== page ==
The number of people signing up for Amazon Prime slowed in the first quarter, with only one million net customers added. The quarter looks especially weak compared to an end-of-the-year marketing blitz in 2014 that led to the company announcing it added 10 million Prime customers.
In a report released today by Consumer Intelligence Research Partners, it estimates that Amazon Prime now has 41 million U.S. members, up from 40 million at the end of the 2014.
“We think that the influx of new Amazon Prime members in the holiday quarter of 2014 included an unsurprising percentage of shoppers that did not continue their membership following their 30-day free trial,” Josh Lowitz, CIRP’s partner and co-founder. “Given this Prime customer acquisition reality, the net result is in a small increase in members relative to the holiday quarter.”
Amazon Prime members pay $99 a year for faster shipping speeds and access to a number of benefits, such as video and music streaming and book rentals. Amazon does not say disclose the how many Prime members there are.
In addition to a drop in new sign-ups, Amazon Prime members also appear to be spending less, with CIRP estimating that the average Prime user is now spending about $1,100 per year on average, compared to about $700 per year for non-members. Last quarter, it estimated that these valuable members were spending $1,500 a year, compared to non-members who spend about $625 a year.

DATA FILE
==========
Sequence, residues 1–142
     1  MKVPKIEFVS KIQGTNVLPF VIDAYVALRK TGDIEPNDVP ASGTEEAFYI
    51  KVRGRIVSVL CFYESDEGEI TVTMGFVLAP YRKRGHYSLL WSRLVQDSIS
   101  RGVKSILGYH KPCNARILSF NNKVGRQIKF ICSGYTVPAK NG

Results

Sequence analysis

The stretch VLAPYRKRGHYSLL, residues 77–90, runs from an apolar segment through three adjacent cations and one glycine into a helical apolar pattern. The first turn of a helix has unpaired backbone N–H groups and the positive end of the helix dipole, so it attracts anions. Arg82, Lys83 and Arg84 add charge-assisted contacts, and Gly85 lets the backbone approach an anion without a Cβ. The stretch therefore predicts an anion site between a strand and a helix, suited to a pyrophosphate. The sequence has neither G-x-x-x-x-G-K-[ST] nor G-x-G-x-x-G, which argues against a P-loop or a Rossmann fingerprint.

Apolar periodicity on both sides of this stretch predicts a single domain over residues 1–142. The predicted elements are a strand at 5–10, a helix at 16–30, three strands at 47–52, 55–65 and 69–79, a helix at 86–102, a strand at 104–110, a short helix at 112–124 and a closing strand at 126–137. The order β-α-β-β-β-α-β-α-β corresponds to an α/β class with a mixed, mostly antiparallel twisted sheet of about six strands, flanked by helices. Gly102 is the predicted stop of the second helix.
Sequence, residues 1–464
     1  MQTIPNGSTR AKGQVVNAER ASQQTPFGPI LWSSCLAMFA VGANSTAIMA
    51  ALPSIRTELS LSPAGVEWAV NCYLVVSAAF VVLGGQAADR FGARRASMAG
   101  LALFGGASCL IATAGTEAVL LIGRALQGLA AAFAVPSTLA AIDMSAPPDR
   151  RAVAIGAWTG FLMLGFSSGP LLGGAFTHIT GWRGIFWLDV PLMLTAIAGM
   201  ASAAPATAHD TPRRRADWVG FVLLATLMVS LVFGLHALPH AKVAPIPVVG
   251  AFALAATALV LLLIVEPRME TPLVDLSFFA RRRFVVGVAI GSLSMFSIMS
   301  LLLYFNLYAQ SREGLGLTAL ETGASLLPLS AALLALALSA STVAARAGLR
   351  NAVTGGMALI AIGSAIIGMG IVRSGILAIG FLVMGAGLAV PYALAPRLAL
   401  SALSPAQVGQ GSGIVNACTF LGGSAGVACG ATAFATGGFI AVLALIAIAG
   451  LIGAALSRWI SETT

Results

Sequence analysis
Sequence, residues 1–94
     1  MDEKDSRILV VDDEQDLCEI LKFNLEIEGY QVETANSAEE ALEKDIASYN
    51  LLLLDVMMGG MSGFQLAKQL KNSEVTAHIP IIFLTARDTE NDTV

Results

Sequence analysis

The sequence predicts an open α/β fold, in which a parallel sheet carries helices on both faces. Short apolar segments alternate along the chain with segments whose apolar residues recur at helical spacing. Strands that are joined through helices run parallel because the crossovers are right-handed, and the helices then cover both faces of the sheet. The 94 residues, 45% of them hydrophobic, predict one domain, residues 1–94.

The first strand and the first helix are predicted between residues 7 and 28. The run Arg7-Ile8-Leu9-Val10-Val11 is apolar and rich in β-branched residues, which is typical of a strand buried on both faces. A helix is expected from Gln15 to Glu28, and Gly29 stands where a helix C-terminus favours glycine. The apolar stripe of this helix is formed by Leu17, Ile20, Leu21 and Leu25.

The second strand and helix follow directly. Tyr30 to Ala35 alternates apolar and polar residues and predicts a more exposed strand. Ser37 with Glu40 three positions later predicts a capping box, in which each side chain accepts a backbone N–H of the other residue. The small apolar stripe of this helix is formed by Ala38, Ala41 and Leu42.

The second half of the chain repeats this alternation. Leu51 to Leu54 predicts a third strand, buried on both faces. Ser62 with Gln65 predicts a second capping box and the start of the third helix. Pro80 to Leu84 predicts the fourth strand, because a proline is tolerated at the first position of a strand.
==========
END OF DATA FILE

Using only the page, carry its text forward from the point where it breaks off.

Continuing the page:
In an email, the research firm confirmed this trend, saying the majority of the change reflects seasonality in spending, with the higher $1,500 figure in Q4 reflected holiday spending.
It would be more disturbing trend if Amazon Prime members began to shop less or spend less money on the platform. The Seattle retailer has been investing heavily in the program, believing that one component of the program feeds the other. In the past, it has said some people may sign up for a free trial of Prime to watch their favorite TV show, but then may end up sticking around to shop. As a result, it can justify the high costs of obtaining content and investments in other areas.
Finally, CIRP also estimates that 34 percent of Amazon customers in the U.S. own Kindle tablet or e-reader, while 5 percent of Amazon customers own a Kindle Fire TV box or stick, and less than one percent of own an Amazon Fire smartphone or Amazon Echo. Amazon Kindle owners are even more loyal to Amazon, spending $1,300 per year compared to $650 per year for customers who do not own a Kindle device, according to CIRP.